The safety of US roads has been declining in recent years. According to Voice of America News, US traffic deaths hit a 20 year high in 2022, with over 40,000 people losing their life on American roads. Whether due to increased demand, lower enforcement, or a combination of factors, it’s clear that a nation as car-centric as the USA absolutely must have high quality roads if it’s to continue operating as it likes to. State-by-state is a different story to the national picture, and an interesting place to look at is the west.
Progressive and safe
The western USA is making a name for itself as the testing ground for automated driving. While this would seem to create more problems than it solves, the evidence suggests otherwise. According to Forbes, statistics show that California, Arizona, Colorado and Nevada are some of the safer states for driving. Legal cases are more likely to be directed to the unintended impact of automated driving, and car accident lawyers in Surprise, AZ; Blythe, CA, or Laughlin, NV tend to have work focused in that area. The story in the big cities is a little less clear, of course, but, by and large, these states are safer than many others for motorists while also being at the forefront of a technology that may help to start reducing overall traffic risk and improve the lot of working Americans.
The facts of automation
There are lots of technology barriers to solve before automated driving can be considered fully safe. However, the current state is already promising. In a review of current safety measures, the National Highway Traffic Safety Administration noted that algorithms already in place are making the roads safer already. Advanced driver assistance programs, which utilize machine learning to preempt threats, work hand in hand with telecommunications systems that will help vehicles to communicate their location and network it across larger systems. This could effectively end highway collisions except for the absolute negligent or reckless behavior of drivers.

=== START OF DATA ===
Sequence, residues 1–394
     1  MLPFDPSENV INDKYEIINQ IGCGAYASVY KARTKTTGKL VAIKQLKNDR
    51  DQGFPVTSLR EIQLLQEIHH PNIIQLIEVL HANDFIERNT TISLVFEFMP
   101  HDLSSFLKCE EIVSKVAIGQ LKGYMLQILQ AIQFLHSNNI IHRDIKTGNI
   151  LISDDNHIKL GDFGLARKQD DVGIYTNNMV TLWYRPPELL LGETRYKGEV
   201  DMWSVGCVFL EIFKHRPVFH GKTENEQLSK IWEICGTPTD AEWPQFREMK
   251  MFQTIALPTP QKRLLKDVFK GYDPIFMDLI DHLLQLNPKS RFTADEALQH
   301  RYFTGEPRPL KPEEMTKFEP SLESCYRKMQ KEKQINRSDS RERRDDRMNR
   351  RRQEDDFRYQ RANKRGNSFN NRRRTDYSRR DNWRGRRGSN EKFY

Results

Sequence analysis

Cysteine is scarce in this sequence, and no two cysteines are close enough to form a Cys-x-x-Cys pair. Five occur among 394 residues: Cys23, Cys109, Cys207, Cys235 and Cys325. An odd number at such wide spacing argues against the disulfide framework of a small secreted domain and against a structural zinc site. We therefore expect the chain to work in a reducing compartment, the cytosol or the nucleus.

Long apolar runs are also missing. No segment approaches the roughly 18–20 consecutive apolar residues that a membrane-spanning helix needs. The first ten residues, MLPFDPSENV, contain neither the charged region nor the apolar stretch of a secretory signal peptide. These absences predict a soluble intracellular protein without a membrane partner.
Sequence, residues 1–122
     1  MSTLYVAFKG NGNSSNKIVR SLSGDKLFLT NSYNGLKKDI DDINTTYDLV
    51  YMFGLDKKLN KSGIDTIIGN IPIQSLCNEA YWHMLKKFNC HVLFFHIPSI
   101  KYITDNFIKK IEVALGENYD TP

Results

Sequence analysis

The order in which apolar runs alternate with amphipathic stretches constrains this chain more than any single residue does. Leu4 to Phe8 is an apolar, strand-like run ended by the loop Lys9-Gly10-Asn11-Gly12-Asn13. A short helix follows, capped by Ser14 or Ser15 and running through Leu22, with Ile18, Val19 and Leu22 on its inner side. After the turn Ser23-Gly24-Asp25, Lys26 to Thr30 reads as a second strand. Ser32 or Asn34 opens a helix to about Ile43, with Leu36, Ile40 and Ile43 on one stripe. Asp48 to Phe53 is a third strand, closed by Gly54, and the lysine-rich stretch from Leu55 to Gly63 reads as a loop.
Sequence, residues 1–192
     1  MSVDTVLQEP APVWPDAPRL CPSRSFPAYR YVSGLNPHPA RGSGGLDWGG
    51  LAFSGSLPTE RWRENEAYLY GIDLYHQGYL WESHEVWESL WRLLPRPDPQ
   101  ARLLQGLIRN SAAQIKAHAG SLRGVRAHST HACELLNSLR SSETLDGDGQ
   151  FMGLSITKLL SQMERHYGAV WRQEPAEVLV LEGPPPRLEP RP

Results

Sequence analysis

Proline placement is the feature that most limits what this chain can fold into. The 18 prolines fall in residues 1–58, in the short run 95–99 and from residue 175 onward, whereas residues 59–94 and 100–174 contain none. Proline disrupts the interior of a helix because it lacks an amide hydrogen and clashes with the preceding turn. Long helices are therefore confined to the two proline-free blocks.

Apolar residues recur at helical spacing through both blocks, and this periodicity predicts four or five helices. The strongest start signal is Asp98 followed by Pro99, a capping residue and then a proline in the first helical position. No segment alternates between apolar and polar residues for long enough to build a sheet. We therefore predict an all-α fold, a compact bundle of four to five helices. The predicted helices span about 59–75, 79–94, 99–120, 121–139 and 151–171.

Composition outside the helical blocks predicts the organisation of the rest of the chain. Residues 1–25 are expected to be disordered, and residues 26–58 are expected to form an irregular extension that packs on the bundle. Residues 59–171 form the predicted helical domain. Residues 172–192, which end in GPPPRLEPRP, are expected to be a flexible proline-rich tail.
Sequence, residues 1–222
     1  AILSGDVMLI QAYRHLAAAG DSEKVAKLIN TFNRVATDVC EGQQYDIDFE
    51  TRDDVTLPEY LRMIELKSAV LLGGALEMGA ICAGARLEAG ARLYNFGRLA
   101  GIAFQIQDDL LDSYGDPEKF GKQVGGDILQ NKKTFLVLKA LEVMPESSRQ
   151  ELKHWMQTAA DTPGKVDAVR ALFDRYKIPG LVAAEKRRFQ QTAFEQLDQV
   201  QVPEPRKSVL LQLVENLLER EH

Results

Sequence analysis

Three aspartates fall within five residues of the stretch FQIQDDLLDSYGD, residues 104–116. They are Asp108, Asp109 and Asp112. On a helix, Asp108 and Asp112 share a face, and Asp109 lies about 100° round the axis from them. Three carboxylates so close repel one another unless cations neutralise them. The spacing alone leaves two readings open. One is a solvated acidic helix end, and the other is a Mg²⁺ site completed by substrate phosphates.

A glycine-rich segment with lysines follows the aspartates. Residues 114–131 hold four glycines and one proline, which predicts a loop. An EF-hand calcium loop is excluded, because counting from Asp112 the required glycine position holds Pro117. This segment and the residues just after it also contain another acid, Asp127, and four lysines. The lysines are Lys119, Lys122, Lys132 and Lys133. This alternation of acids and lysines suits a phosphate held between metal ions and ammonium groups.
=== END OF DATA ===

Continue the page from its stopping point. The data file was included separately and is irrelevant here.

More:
A fully automated future?
What is less certain is the safety of fully automated vehicles. One thing is for sure – they will likely remove two of the most frequently cited reasons for collisions, distracted driving and speeding. Where the car is locked to local speed limits, and the driving is done in such a way that the driver’s absolute awareness is essential, some of the major reasons why crashes happen are removed. Despite this, there are safety concerns with the vehicles themselves that have not yet been resolved by automakers or technologists, and that includes a heightened fire risk in electric vehicles and the possibility of software malfunctions.
That being said, the future is bright. Automation removes a lot of pain points from the driving experience that are causing the majority of accidents. In a nation that is experiencing increasing levels of traffic fatalities, it’s an important bit of innovation to track, especially given the importance of cars to the nation.
Also Read: What is Automation Testing in QA?